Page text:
Most of my young adult life in college was spent up at all hours of the night, writing papers, reading countless articles from JSTOR, and generally functioning as a night owl. My preferred bedtime was 2 or 3 in the morning, long after the sun set, and I rarely rose on the early side of 10 or 11 if my course schedule allowed it. Even in graduate school, particularly in my master’s degree, I could stay up, pull semi-all nighters and produce a paper of passing quality.
But good grief, those times are long past. In my thirties, my creative pursuits, including writing and painting and digital art, are relegated to more reasonable hours of the day. I wish I could convince myself that this is due to the fact that I have matured and lead a more “adult” life. But honestly, it’s because my brain ceases function much past 10pm when the rest of my week has a wake up alarm set for 6am.
This past weekend, however, my husband was stuck working a 24 hour shift. I made so many plans in my head for my time alone: cleaning the house, cooking for myself, catching up on sleep, spending time with my dog, finally working on all those revisions I’ve been planning for my manuscript, getting some of those short story ideas down on paper… The possibilities were endless.
But when it finally got dark and 9pm rolled around and none of my plans came to fruition after a day of bingeing on Netflix, I picked up a pad of paper and began sketching an idea that’s been floating around in my head for a few weeks. The design sketched itself, Agents of S.H.I.E.L.D. playing in the background, dog snoring beside me on the couch.
When I looked at the clock, somehow it was now 12:30am and I had a rough design for my next watercolor, more progress made in those three hours than in the past three weeks. And I began to wonder, what if my most creative time is at the least convenient time?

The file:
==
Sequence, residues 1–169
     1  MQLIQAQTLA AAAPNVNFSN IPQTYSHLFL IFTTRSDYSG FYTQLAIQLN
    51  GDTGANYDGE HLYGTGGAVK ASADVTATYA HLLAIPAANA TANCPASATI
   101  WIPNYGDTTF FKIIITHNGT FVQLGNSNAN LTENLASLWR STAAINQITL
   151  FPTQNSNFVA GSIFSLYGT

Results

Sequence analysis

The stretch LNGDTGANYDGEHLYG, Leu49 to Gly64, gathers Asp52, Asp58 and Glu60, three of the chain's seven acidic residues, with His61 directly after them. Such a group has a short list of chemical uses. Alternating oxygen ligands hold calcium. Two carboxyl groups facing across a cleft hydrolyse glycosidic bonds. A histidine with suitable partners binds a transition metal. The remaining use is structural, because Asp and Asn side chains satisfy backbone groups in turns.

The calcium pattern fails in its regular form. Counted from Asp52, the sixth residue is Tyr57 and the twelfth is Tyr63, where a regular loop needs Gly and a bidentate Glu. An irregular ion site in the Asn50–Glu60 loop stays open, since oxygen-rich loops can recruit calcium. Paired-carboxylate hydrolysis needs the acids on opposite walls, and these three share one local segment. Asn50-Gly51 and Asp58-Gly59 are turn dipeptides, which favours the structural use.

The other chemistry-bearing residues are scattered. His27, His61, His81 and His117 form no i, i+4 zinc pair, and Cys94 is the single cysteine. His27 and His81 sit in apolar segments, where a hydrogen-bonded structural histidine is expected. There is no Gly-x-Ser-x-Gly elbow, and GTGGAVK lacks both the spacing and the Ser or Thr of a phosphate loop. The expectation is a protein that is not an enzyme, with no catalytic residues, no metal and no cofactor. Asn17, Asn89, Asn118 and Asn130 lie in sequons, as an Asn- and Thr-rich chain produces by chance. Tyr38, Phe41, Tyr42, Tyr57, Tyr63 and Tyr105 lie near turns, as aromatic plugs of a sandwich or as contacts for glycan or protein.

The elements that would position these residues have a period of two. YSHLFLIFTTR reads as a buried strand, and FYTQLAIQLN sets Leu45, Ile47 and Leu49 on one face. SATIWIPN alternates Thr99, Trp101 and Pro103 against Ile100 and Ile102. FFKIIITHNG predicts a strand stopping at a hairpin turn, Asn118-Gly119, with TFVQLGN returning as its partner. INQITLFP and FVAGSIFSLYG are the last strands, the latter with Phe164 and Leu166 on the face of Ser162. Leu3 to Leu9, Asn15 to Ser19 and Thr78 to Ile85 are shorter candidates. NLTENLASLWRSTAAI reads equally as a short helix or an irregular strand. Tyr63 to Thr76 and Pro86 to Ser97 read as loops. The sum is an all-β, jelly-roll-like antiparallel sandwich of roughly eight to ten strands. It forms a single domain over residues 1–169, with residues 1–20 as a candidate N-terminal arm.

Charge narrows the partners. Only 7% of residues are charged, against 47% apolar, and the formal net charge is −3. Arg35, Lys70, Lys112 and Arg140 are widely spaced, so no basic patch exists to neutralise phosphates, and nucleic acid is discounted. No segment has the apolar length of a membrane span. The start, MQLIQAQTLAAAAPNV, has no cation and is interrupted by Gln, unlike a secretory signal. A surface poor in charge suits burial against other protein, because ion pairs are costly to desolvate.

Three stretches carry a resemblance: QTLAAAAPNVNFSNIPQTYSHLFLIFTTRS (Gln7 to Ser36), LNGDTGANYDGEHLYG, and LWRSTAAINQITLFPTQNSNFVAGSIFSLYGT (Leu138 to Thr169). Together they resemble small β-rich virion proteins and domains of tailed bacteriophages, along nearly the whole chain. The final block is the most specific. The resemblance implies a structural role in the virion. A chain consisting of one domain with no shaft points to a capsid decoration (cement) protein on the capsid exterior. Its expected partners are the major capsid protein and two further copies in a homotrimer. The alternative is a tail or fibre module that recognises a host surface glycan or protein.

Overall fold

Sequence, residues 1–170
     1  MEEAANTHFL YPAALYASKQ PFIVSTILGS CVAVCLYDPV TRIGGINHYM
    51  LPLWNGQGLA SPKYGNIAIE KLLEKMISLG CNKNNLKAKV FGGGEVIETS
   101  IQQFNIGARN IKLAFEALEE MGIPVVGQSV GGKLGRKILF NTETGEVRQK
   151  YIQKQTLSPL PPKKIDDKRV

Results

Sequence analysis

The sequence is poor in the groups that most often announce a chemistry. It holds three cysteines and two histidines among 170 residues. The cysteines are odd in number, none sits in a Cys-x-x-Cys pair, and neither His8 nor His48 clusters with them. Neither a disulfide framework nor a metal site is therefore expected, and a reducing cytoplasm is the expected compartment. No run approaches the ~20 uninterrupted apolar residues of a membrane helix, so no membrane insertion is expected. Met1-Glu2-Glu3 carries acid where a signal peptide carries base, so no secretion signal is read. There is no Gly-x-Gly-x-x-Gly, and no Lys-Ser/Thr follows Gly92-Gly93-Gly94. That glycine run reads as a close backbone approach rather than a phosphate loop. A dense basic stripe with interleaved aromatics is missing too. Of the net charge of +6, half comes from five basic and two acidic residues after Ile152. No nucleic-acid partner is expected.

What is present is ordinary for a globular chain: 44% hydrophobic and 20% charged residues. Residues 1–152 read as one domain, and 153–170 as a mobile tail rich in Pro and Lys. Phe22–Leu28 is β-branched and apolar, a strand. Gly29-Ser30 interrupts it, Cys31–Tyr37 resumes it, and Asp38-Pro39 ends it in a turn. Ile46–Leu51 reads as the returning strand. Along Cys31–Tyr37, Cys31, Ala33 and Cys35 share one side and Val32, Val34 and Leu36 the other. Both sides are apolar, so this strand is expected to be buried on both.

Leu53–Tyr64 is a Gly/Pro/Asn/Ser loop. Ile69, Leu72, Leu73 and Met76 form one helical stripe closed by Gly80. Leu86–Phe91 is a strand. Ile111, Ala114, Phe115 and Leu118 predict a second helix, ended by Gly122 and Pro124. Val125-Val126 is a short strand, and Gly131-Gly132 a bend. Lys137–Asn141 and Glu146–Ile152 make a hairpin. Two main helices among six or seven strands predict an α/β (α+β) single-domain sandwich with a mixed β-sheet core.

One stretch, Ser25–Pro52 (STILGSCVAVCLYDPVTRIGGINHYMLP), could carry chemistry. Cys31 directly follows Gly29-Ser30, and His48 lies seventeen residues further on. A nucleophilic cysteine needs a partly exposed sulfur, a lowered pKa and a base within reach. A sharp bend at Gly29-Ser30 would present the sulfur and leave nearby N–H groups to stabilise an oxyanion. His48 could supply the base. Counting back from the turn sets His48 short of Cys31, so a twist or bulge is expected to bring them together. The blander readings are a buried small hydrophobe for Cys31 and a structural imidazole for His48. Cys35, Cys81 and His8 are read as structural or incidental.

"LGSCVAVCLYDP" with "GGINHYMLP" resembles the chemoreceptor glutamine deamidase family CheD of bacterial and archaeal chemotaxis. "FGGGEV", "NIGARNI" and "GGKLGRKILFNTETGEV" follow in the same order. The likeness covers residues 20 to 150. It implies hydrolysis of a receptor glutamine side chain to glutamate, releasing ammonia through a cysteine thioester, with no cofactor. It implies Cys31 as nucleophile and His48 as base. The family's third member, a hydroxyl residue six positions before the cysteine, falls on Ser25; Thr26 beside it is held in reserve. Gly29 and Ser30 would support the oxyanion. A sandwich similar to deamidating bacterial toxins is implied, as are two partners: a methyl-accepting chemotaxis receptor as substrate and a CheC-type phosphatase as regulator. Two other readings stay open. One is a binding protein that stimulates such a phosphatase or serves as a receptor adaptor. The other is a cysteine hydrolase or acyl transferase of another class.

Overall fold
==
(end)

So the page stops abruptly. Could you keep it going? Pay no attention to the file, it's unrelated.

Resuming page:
There are many who say night is the best time to write, and as a former night owl I tend to agree and think that for the most part they’re right. The day’s distractions are at a minimum and your creativity blossoms from your interactions during the day. Others say that writing first thing in the morning allows for the best success since you start fresh, without the mood of the day to affect the writing. You don’t have time for your willpower to fade if you write at the very start of the day. Greats like Dickens were morning larks, writing between 9am and 2pm every day without fail.
But it makes the most sense to me that the least convenient time for you to write, when your mind is distracted by the other required tasks of the day (driving, showering, preparing for sleep), that you’re at your most creative. This wonderful graphic shows why there’s a best time to be creative and write for different people depending on their schedules. It seems I’m at my most creative when my mind is on autopilot, which makes sense that with so broad a focus I can pull things together that I might not have connected before. It also makes sense that the spring of inspiration can swell at strange times depending on your habits. If you’re a morning lark, the drive home from work or your nightly shower might kick your creative mind into gear. Or if you’re a night owl, your trip to work might spark the same flow of words. So creativity occurs, according to this graphic based on a widely quoted study, when you’re least focused on it.
I’ve encountered this before, having spurts of inspiration and new story ideas RIGHT as I get into bed or step into the shower. It’s why I stash a few notebooks on the nightstand and a pen or two, though I haven’t found a solution for the shower conundrum yet. If I don’t write those ideas down, they’ll be gone as quickly as they came. Sometimes the inspiration is quick, only fifteen minutes or so of solid writing before it feels forced. Other times, I’ll write for an hour or more, cruising the wave of words that cascade from my head to the page. I’ve learned to capitalize on those times after spending a few hours the next morning wondering what my genius idea was, wishing I had written it down at the time. It’s never convenient to set aside my plans for sleep or to hop out of the shower, head still covered in shampoo, but those ideas are fleeting, and often more creative and important than the ones that come during my predetermined writing time.
So for those of you who are night owls (or used to be), or those who aspire to become morning larks (or currently are), it seems that inspiration and creativity are most likely to hit you when you least expect them to, or at least when the last thing you’re thinking about is writing. For me, I’ll keep that notebook by my bedside, and maybe invest in a few waterproof field notebooks and a waterproof pen to keep near the bathroom towels.0